New Norcia is approximately 150 km inland from Jurien Bay and it is the only monastic town in Australia. It was founded in 1847, which is less than 20 years after Perth was settled. Two Benedictine monks fleeing religious persecution in Spain moved to England and then to Western Australia seeking a religious mission to work among the Aborigines.
With a generous land grant and a phenomenal capacity for work the monastery became self sustaining. Today there is a farm harvesting wheat, canola and lupins, as well as olives; a bakery which sells its produce through the gift shop, a hotel, a roadhouse, a caravan park, as well as an educational program of school camps. The abbey church is open to the public and people can pay to have baptisms or weddings performed there.
The magnificence of these buildings which suddenly appeared in the countryside was quite a shock that the photos can't really convey
|The monks' quarters and statue of St Benedict|
|The courtyard of the Monks' quarters|
Despite all this there are now only 11 monks in residence, and much of the work is done by paid employees. The buildings are substantial, but most are not used for their original purposes. In the past the monastery ran an orphanage for aboriginal children, who were part of the stolen generation. Their parents lived locally but government policy had them removed from their families and handed over to the monastery. There were separate boys and girls aboriginal schools. As well there was a boarding school for non aboriginal boys and one for girls. The girls school was run by nuns and there was a convent on site as well.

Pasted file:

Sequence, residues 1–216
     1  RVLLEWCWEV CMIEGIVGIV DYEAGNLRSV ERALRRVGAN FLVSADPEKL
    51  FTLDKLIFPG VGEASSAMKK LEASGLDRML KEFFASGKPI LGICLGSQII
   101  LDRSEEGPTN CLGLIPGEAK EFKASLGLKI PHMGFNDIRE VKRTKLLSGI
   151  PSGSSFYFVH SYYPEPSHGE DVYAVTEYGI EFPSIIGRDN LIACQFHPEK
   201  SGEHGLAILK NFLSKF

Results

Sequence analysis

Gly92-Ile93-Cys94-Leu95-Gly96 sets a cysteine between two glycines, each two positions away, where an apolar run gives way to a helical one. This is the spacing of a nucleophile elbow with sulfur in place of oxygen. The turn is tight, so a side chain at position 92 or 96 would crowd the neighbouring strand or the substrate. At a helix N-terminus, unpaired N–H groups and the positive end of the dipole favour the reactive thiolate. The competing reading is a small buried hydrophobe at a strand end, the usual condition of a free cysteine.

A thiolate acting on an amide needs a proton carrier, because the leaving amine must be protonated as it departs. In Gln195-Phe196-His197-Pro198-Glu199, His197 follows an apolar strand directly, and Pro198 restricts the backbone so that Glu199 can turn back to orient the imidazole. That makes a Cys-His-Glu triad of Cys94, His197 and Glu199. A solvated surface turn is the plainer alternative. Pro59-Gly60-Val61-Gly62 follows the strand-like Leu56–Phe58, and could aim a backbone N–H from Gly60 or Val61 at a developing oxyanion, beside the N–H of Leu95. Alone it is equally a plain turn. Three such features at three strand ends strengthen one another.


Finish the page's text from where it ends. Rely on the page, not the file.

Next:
|St. Gertrude's Girls School|
|St. Ildephonsis Boys School|
|Above and below, the Aboriginal boys home and school|
The schools have now closed down, but the buildings remain devoted to other uses. Still fulfilling their original purpose are the Abbey Church and the chapels in the boys and girls schools. They have been beautifully decorated by monks of an earlier period.
|The Abbey Church|
|Inside the church an burial monument for the founder|
|Inside the chapel of the boys' school|
|Inside the chapel of the girls' school|
We resisted the charms of the gift shop and missed out on the last loaf of bread. It is very obvious that the gift shop is another part of their successful business enterprises. It was a very interesting place to visit and the oranised tour was well worth doing. The tour guide was very impressive. We didn't have time to explore the museum, which I'm sure would have been very interesting.
To return to our main focus of seeing the natural environment at its best, today's delight was the abundance of Ringneck parrots which were using the roadside as their personal restaurant, and were hardly bothered by passing traffic. But speaking of traffic, we have been on the Great Northern Highway today and I think we have seen nearly as many trucks today as we have in all the rest of the trip combined. Staying at Bindoon it was trucks all night. It's a bit of a shock.